Grants do not always involve members of the community – and in some cases, the process can be a bit opaque.
In an article a few months ago, Lane Rettig said: “I have yet to see a well-run grants program in the blockchain space.”
Given how widely used grants are across the industry, this is a pretty damning indictment. Rettig argued that these plans tend to be incredibly centralized. Not only does an organization ultimately set the agenda for development, but in many cases, founders give large grants to people they already know. He pointed to the Ethereum Foundation as an example, stating: “Some of the largest grants have been awarded to projects led by individuals who are close friends of Vitalik Buterin.”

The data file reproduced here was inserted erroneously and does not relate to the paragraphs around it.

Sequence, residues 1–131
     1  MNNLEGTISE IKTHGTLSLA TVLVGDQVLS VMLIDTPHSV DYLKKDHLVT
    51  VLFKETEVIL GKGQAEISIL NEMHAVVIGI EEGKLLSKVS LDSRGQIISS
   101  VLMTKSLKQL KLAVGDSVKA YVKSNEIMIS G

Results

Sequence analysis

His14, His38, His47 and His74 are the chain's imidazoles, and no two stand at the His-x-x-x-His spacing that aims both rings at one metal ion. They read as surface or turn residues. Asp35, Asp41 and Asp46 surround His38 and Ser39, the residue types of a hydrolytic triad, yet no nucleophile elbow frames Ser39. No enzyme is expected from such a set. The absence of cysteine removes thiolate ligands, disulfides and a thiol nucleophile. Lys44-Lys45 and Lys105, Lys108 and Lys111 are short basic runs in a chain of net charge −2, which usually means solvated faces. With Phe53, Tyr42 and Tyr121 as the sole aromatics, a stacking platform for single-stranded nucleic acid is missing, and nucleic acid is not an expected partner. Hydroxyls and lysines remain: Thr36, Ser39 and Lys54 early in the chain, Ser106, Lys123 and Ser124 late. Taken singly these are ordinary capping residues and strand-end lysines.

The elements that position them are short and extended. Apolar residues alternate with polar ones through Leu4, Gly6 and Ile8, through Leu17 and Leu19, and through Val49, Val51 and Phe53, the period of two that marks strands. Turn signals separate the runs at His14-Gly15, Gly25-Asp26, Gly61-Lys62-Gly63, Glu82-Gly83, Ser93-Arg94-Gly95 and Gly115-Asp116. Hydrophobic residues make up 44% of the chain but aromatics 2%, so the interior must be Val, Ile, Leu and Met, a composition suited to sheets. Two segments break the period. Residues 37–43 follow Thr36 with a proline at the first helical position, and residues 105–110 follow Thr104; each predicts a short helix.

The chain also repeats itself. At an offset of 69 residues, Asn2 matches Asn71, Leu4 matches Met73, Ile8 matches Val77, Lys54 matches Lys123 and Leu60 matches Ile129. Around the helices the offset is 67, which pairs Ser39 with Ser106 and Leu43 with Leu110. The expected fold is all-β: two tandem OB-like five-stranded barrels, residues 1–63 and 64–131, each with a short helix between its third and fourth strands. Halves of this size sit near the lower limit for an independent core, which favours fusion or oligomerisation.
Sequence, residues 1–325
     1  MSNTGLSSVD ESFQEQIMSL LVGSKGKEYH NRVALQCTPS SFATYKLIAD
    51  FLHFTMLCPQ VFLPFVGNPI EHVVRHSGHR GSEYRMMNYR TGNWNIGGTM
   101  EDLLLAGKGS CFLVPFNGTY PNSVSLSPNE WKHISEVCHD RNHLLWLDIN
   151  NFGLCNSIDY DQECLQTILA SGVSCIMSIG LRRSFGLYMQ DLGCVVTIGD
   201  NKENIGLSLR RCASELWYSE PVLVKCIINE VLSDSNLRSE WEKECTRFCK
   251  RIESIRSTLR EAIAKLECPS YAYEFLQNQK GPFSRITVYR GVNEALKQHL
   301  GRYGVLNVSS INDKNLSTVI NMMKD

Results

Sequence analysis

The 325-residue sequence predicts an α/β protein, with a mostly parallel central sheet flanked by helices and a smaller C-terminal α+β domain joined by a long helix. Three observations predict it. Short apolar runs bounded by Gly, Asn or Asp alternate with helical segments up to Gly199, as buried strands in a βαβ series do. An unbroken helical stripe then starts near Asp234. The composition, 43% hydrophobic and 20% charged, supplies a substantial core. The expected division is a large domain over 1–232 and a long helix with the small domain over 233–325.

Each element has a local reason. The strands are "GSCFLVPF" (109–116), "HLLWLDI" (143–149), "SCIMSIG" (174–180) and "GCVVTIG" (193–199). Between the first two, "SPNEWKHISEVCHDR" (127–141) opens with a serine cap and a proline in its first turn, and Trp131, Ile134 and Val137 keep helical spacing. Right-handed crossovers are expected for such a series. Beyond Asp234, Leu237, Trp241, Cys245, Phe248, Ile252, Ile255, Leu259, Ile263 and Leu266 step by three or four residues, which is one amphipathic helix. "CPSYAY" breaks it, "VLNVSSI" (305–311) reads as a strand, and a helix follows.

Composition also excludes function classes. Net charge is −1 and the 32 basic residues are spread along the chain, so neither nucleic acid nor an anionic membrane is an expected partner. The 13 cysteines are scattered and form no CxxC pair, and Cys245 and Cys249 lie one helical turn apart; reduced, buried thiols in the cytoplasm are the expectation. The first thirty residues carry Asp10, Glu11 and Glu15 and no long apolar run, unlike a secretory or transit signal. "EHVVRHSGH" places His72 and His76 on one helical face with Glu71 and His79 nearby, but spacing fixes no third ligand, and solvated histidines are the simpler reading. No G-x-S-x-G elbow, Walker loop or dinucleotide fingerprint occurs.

Grants struggle to achieve “unauthorized innovation,” said Rettig, who described it as a “blockchain superpower.” This is what enables a teenager to start crypto mining from their laptop at home, without needing a credit card or going through Know Your Customer checks.
Ultimately, the main risk associated with grants is that they can be output to people with bright ideas but who are intimidated by completing an application form. Innovative concepts can be excluded and overlooked because they do not fit the rigid parameters of a grant program. Allegations of nepotism and unfairness can start to swirl around – and even worse, community members may feel they have no say in the future direction of the ecosystem.